A Taste For Pop


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Pop Culture and Pop Art in the home and domesticity.

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A Taste For Pop

  1. 1. A Taste For Pop Book: Cécile Whiting By Loren McDonald
  2. 2. Contents: • Sections covered Wesselmann and Pop at Home: • The Economy of Domesticity. • Postwar Cultural Hierarchies. • Collapsing Cultural Hierarchies. • Recoding Cultural Hierarchies. • Masculinity at Home.
  3. 3. What is Pop Art? Pop Art is about Consumerism and Celebrities also about Bright Colours and comic like values. Pop Art influenced home decoration and Gender also it influenced fame. Similar to Dada. Pop Art is… Art based on Popular Culture influenced by the Mass Media. Emerged in the mid1950s in Britain and in the late 1950s in America. Product Labelling and Logos. Using Advertising and Mass Culture, Comic Books, and Abstract Expressionism to inform colours. Pop Art and Minimalism. Critical and Ironic views on Traditional Fine Art Values from the medium use.
  4. 4. Wesselmann and Pop at Home. • ‘Early 1960s art collector Leon Kraushar bought Tom Wesselmann’s Bathtub Collage #1 1963 and hung it up on the wall of his home the display and valued work converted the owner’s financial success in to a certain cultural capital Wesselmann’s Collage’. To gain a social status behind this art movement and earn a stand to living to be valued as a person and to know what art is around the home and domestic life of living. Original colour offset Lithograph postcard 1991 Bathtub Collage #1 Introducing the home and rooms of a home to feel domesticated and to introducing this art for the home.
  5. 5. Domestic uses for Pop Art • Post-war American domestic economy, and collectors in turn incorporated works by Wesselmann and other Pop artists in to their homes. • Two strands of taste. • The aesthetic taste of artist and collector and consumerism taste of the female homemaker faced off but also intermingled with each other. • This gained a class of gender and also concerning the control of American domesticity occurred and emerged throughout homes in Britain and America. Mrs. Kraushar in Her Bathroom with the piece by Wesselmann to the right of the image hanging on the wall.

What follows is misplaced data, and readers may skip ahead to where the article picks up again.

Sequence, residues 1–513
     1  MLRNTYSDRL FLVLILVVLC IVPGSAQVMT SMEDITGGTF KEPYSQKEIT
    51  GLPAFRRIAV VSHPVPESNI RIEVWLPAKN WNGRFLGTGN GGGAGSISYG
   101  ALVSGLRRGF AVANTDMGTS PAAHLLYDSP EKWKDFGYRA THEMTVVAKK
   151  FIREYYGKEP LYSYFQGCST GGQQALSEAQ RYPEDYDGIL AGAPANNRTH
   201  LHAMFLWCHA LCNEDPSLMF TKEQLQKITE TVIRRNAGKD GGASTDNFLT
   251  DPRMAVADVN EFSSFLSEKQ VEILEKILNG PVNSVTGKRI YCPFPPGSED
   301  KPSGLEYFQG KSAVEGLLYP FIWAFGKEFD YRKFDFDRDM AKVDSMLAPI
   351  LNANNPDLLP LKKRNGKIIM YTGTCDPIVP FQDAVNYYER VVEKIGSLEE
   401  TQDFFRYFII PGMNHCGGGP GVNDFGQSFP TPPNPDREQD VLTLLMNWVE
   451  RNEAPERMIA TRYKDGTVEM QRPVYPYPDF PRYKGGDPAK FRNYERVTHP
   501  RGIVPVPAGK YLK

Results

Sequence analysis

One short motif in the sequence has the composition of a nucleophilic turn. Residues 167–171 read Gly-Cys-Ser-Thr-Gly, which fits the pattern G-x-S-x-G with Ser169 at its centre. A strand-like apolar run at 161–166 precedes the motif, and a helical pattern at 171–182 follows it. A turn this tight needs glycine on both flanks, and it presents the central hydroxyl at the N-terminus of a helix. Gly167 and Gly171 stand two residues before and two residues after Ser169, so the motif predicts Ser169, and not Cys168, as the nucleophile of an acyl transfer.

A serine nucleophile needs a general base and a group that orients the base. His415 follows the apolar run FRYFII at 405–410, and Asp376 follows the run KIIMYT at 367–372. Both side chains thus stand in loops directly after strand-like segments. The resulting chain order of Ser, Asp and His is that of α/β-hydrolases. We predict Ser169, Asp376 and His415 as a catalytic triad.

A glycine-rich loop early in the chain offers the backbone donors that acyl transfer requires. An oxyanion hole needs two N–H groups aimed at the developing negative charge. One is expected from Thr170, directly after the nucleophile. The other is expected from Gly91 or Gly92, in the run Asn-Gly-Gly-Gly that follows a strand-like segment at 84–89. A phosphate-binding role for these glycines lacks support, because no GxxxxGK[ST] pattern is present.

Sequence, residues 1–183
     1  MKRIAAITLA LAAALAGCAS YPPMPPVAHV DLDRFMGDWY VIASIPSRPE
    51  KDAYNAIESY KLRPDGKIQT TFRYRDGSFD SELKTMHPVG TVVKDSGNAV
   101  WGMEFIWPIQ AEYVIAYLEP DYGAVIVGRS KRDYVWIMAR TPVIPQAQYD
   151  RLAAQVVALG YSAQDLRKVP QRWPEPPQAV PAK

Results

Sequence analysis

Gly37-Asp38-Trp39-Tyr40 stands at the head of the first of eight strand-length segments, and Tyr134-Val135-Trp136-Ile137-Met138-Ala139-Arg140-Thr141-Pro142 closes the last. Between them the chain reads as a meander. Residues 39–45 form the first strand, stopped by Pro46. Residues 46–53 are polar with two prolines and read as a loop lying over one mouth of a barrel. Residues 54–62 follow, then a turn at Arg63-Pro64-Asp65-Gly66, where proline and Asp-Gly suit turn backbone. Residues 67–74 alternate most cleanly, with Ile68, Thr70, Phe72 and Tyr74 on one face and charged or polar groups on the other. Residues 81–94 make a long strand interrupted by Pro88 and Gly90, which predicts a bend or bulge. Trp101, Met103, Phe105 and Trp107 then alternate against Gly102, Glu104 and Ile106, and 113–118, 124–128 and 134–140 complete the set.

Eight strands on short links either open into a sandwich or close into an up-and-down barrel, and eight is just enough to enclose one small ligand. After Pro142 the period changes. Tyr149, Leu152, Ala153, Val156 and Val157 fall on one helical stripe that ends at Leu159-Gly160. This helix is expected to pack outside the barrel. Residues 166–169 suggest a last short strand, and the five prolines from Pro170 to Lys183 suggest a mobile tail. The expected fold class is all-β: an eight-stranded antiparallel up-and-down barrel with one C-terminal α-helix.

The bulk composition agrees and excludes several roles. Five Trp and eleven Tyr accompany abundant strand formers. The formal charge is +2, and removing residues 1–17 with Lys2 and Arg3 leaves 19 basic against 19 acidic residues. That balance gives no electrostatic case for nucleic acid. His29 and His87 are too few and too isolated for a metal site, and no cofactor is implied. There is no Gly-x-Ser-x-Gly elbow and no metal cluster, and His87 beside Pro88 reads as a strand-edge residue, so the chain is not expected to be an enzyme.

6. 6. The Economy of Domesticity. • Many of Wesselmann’s images exposed the private sanctums of the home projecting a openly outcome to gender and nudity of the body which projected every room to display a publicity and a family orientated space for no shame of his artwork. • Increased Goods, Efficiency and Practicality, The Kitchen Debate on gender influences, Media and Magazines are equal to good taste, Taste served as the standard for defining the middle class. • To define media and mass production through the uses of this movement.
  7. 7. American Way of Life. • The embodiment of American Success and the economy of public posturing on the advantages of capitalism over the Soviet Union during the Cold War was introduced by the ‘Kitchen Debate’ this was between Vice President Richard Nixon and Soviet Premier Nikita Khrushchev in 1959 this has recently highlighted the importance of the domestic sphere to demonstrate superiority in the American Way of Life due to the U.S. governments efforts over the communist system. When Nixon met Khrushchev during their tour of an American Exhibition in Moscow 1959.
  8. 8. Wealth and Poverty. • The myth was said of economic egalitarianism depended upon ignoring all ways of life, this was established by urban wealth or rural poverty that then deviated from the strict middle class norm. • Influencing a social standing and a standing of higher class from wealth but also putting a stand on poverty and how this played the effect of Pop Art in our homes during this era and how it became mass produced in every home.
  9. 9. Social Standing. • The suburbs did become a popularity during the 1950s with many families who purchased accounted for the soaring consumptions of mass produced goods but in fact Roland Marchand has claimed that only households among the top 40 percent in the family income could afford this lifestyle. • Social standing of Higher Class, Middle Class and Poorer communities would be affected by the mass production of art and goods which performed in the Pop Art era since everybody was purchasing almost everybody would want this in their home to carry on the trend of the movement.